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Crayons

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Album Review

Donna Summer sounds younger here than on her previous studio album, 1991's Mistaken Identity, or just about any of the isolated tracks that surfaced throughout the previous 17 years, which is a good thing as frequently as it is a bad thing. Crayons benefits from Summer's effortless energy; she was clearly into making this album, and her voice is as able and flexible as ever. However, almost all of the material with which she has to work — several stylistic angles are taken with the likes of Danielle Brisebois (Natasha Bedingfield, Kelly Clarkson) Greg Kurstin (Lily Allen, Nelly Furtado), J.R. Rotem (Leona Lewis, Trey Songz), and several others — would make more sense on an album by a female teen pop group from the U.K. or, in some cases, a young adult catering to the coffeehouse market. One exception, if only from a lyrical standpoint, is "The Queen Is Back," where Summer refers to herself in the third person, as well as her past: "So many years ago on the radio/She crept into your soul and learned to love you." But it's really the type of move you'd expect from an aspiring diva on her second or third album. In-fashion vocal effects, which Summer certainly does not need, detract from a handful of these tracks, but as a whole, the album won't have trouble pleasing fans who just want to hear their queen have a blast and tear it up.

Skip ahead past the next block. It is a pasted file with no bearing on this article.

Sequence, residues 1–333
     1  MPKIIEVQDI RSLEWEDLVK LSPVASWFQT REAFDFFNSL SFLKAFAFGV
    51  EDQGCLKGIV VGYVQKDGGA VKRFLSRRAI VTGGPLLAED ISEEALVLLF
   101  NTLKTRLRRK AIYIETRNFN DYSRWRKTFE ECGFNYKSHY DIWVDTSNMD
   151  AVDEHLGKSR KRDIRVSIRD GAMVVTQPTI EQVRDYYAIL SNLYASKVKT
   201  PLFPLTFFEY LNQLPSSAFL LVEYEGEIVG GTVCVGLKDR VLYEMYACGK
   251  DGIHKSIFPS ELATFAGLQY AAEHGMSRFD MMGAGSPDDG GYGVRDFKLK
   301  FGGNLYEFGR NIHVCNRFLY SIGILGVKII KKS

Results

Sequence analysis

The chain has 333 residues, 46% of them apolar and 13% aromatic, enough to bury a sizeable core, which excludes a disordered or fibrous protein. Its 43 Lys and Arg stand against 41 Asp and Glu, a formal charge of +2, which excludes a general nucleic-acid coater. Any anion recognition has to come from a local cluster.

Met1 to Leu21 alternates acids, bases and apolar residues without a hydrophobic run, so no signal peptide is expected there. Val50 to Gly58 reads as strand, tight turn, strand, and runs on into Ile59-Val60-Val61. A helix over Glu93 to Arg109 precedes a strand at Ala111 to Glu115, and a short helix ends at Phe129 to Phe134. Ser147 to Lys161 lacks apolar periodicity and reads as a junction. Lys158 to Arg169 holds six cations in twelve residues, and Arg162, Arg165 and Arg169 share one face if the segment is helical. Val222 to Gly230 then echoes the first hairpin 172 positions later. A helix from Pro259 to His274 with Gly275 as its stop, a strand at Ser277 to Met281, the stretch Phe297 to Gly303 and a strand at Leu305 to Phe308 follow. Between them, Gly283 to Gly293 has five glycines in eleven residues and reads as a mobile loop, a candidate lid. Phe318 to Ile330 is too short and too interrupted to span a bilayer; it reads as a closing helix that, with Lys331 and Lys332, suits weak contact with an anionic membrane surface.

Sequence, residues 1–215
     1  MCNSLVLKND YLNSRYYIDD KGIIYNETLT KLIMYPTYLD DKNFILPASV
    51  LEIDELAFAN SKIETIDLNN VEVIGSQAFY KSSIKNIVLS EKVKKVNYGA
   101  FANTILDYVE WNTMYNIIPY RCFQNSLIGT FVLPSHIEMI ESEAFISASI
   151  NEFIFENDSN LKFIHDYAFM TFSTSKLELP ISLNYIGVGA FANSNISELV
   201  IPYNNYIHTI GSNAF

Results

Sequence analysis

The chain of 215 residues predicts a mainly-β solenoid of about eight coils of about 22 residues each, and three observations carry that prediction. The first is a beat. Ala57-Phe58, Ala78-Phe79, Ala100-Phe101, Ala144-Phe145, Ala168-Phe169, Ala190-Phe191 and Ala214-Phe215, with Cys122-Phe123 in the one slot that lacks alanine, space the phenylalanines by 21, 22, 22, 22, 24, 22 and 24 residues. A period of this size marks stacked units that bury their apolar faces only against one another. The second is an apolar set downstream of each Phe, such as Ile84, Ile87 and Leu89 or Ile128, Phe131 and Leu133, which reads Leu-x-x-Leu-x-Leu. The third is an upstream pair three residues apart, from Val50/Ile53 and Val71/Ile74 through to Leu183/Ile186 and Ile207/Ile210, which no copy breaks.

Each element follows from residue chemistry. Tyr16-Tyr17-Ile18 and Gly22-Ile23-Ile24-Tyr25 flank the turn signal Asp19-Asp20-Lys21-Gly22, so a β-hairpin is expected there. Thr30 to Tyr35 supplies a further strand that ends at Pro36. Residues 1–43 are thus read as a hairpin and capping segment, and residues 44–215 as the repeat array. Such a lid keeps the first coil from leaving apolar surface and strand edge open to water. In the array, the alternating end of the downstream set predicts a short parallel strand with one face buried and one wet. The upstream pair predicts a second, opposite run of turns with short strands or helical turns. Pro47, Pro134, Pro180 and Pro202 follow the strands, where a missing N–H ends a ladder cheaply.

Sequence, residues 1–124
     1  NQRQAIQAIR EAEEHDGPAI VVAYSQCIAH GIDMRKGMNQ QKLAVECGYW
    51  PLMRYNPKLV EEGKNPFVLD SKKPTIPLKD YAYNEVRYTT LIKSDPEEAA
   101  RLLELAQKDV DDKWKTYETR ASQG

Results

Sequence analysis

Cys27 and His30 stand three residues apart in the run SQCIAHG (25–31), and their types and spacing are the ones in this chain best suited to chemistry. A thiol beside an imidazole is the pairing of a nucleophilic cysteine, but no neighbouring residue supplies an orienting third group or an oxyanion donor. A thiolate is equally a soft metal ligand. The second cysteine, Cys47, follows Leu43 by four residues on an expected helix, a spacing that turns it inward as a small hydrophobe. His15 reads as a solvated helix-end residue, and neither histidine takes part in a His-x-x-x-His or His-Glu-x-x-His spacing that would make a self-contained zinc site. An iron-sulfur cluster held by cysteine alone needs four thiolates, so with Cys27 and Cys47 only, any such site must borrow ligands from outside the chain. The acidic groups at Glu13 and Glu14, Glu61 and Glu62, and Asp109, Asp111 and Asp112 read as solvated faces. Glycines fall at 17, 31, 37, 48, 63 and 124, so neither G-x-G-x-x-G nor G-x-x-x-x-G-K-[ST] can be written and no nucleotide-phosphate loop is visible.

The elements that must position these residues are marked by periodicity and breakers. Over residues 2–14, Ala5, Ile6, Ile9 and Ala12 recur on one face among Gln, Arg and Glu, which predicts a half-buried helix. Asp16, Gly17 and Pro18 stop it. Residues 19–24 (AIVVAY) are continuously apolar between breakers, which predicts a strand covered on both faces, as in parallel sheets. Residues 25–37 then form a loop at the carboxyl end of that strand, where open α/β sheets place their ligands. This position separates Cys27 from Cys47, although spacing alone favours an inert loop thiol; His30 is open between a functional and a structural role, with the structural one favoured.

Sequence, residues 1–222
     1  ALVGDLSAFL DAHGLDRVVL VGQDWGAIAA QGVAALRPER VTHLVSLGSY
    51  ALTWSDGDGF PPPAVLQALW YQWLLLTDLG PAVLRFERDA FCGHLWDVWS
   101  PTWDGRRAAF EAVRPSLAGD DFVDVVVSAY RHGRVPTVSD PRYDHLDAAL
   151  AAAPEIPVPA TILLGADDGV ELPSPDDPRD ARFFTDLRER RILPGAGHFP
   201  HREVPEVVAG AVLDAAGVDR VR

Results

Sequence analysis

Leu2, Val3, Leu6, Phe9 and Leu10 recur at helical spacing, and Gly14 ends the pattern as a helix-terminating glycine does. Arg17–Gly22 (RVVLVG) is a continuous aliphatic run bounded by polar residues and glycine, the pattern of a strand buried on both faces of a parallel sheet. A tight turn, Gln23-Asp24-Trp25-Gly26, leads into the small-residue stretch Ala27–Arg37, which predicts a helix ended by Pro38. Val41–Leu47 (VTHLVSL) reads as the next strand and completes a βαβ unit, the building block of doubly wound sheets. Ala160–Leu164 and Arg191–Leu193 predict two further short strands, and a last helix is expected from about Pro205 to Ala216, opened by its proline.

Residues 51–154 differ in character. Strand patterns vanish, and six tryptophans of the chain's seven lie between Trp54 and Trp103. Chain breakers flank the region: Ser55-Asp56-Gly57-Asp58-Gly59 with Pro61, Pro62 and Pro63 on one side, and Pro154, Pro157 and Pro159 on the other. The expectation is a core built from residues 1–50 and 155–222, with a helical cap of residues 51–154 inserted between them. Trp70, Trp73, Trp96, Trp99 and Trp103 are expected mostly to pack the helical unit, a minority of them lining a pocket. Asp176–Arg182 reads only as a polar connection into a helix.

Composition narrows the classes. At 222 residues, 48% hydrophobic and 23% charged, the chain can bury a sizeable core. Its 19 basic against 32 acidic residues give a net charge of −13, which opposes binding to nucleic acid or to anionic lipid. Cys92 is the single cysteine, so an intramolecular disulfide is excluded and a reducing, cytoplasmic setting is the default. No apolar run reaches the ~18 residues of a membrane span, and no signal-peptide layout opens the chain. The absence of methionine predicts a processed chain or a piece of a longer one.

Customer Reviews

Great - but way too loud!

Donna Summer has always been a great artist, with a powerful voice. The more snobbish among us used to criticize her when she became the disco queen in the 80's, but we knew that she was a great artist. Her new album "Crayons" has some great songs, and her voice is better (and less polished) than ever. However.... why has her record label told their mastering engineer to destroy some of the tracks with way too much compression/limiting/normalizing? I hate normalizing. It kills the dynamics in the music, kills a lot of the sounds, creates distortion (listen to track 1 and recognize distortion that I am sure wasn't there when the studio engineer had finished his job!).

Biography

Born: 31 December 1948 in Boston, MA

Genre: R&B/Soul

Years Active: '70s, '80s, '90s, '00s, '10s

Donna Summer's title as the "Queen of Disco" wasn't mere hype. Like many of her contemporaries, she was a talented vocalist trained as a powerful gospel belter, but she set herself apart with her songwriting ability, magnetic stage presence, and shrewd choice of studio collaborators, all of which resulted in sustained success. During the '70s alone, she topped the Billboard club chart 11 times with high-quality, often-high concept material that included the rapturous "Love to Love You Baby," the...
Full bio